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After Ashcroft

SENATORS CONSIDERING President Bush's nomination of his chief counsel, Alberto Gonzales, as the next attorney general should question him closely to make sure they are not replacing one divisive and authoritarian lawyer with another.

John Ashcroft, in his letter of resignation, declared himself greatly satisfied with his four-year record. "The rule of law has been strengthened and upheld in the courts," he said.

In fact, Ashcroft was chastened several times for trampling with abandon on civil liberties. In June the Supreme Court ruled that the administration could not deny people it designated enemy combatants the right to challenge their detention. The court also questioned Ashcroft's much publicized prosecution of a US citizen, Jose Padilla. A month earlier another court threw out Ashcroft's directive trying to make Oregon's physician-assisted suicide law illegal, saying it was "unlawful and unenforceable."

The Justice Department's own inspector general last year blasted the prolonged detention of illegal immigrants after the Sept. 11 attacks. Even Bush's spokesman said earlier this year that the president was "disappointed" that Ashcroft declassified documents to discredit the 9/11 Commission.

Ashcroft's legacy is that the country badly needs an attorney general who will act not only as an effective fighter against crime and terrorism but also as the chief protector of constitutional rights, not as the chief apologist for the ultimate power of the state.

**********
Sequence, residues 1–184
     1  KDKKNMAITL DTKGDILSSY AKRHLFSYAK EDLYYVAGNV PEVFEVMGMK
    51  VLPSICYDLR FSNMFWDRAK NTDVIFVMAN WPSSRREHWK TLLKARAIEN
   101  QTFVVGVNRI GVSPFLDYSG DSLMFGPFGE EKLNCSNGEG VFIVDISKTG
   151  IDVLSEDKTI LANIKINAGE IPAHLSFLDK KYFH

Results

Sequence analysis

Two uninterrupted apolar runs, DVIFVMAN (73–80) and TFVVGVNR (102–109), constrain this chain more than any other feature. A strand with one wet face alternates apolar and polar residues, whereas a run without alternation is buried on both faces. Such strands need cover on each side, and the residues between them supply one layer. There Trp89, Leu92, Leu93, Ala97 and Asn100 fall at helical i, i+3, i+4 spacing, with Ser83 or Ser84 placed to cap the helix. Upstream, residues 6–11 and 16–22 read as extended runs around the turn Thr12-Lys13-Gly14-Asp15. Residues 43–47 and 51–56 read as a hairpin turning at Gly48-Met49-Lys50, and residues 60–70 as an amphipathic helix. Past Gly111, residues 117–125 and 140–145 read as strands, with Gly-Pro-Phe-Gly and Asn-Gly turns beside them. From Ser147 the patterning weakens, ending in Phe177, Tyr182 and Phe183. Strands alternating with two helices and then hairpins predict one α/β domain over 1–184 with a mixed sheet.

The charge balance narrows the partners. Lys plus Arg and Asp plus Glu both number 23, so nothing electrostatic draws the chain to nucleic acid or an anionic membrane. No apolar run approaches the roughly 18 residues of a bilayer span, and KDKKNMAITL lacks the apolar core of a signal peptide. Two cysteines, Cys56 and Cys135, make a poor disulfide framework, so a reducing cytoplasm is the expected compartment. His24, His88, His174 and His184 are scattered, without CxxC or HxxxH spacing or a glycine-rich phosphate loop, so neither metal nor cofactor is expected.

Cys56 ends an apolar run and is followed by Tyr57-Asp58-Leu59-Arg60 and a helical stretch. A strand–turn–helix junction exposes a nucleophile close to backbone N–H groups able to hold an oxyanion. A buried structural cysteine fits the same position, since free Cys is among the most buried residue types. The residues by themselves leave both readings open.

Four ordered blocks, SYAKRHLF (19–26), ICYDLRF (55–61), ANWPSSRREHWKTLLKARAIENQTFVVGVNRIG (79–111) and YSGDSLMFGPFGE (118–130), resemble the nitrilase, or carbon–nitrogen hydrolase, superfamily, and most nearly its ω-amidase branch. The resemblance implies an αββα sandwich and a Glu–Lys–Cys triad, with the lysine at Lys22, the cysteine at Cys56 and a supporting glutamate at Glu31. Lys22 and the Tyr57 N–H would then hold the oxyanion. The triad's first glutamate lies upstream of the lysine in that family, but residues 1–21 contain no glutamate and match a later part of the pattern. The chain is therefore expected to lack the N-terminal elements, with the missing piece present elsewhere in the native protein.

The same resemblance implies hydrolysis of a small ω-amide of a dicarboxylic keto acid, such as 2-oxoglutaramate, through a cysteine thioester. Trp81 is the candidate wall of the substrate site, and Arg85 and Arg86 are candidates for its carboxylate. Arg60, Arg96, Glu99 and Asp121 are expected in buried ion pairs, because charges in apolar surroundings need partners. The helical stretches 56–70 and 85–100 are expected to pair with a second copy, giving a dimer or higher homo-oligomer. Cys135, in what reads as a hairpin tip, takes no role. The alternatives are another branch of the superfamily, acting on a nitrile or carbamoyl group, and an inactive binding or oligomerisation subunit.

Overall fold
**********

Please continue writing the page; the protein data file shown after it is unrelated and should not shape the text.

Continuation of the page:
Bush yesterday praised Gonzales's "sharp intellect and sound judgment." And Gonzales said: "Just give me a chance to prove myself."

Gonzales should certainly have that chance, starting in a Senate hearing room.

What stands out from Gonzales's public resume is his long and loyal service to George Bush. Such a close relationship can be an asset to the country as well as the president -- if it is accompanied by the independence to investigate the administration's own agencies, to appoint truly independent and aggressive special prosecutors when needed, and to be guided by the Constitution and the law, not politics.

On this count, serious questions are raised by Gonzales's support of the administration's now repudiated detention policy and his 2002 memo suggesting some terror suspects are not protected from torture by law or the Geneva Conventions. In both cases, Gonzales gave Bush the answer he wanted rather than sound legal judgment.

Unlike other Cabinet members, the attorney general has as his primary responsibility the protection of the people, not the president. Only if Gonzales can demonstrate that he believes this to his core and will act on it should he be confirmed. 

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